A group of volunteers laying on trishaw rides around Hawick for the elderly is now set to do so at the double.
The town’s trishaw group, part of the Cycling Without Age Scotland social enterprise, now plans to double its fleet of the three-wheeled rickshaw-type pedal bikes from one to two, thanks to a £7,000 grant from Hawick’s common good fund.
The group, launched last month, uses trishaws to take less mobile old folk on tours of the town’s Wilton Lodge Park and to help transport veterans around during events such as Remembrance Day parades.
Appearing at a meeting of the common good fund sub-committee last week, project volunteer Keith Irving told councillors: “Why do we need another trishaw? We’re getting by at the moment with one, but the weather’s been particularly bad, and it’s still early days for the group.
“However, as organisations and local people get to know about us, and also the weather improves, it is likely our numbers will increase greatly, and we don’t want to disappoint people.
“Our project is up and running and is proving popular with people of all ages.
“We have eight pilots currently, with five more wanting to get trained up at the moment.
“We have approximately £1,600 ringfenced, and we’ve received excellent feedback so far from passengers.
“For the memorial parade, if we get another trishaw, then that’s four veterans we can take round next year, rather than the two we had this year.”
“Of all the people in Hawick, 25.4% are over 65, and that is expected to rise to 35% in the next 15 years.
“In Teviot and Liddesdale, 34% of people have expressed that they feel lonely or isolated.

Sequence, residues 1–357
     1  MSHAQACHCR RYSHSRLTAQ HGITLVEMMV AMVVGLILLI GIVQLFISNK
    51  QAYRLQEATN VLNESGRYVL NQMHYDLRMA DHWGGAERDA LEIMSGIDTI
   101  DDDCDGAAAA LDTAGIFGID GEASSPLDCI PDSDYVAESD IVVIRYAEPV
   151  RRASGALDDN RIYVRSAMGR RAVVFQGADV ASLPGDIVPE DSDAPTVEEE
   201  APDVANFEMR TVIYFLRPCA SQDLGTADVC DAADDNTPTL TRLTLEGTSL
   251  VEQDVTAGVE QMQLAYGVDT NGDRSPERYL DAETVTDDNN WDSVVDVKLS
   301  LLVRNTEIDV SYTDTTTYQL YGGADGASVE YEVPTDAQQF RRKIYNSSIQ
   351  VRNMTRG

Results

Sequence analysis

“Our project certainly gets them out in the park, and if you see their faces as we take them around, it’s just brilliant.
“We also encourage volunteering. It is all done by volunteers and is all free.”
Speaking in support of the application, Hawick and Hermitage councillor Watson McAteer said: “I’ve had a go on them, and I’m pretty impressed. I know this is quite expensive, but this ticks the box in so many different ways, not least the point about getting people out and about.
“With the cycle path, what a great opportunity to get the trishaws out and get them on the track.
“I was very impressed on Remembrance Day when they got ex-servicemen in them to see what’s going on.
“It’s just one of these tools that has come along to help people get out and about.
“In terms of this project, as expensive as it may be, I just think it’s worth doing.”
The group – currently operating from 10am to 3pm Friday to Monday – is now planning to extend its operations beyond Wilton Lodge Park and possibly cover rugby games at Mansfield Park too.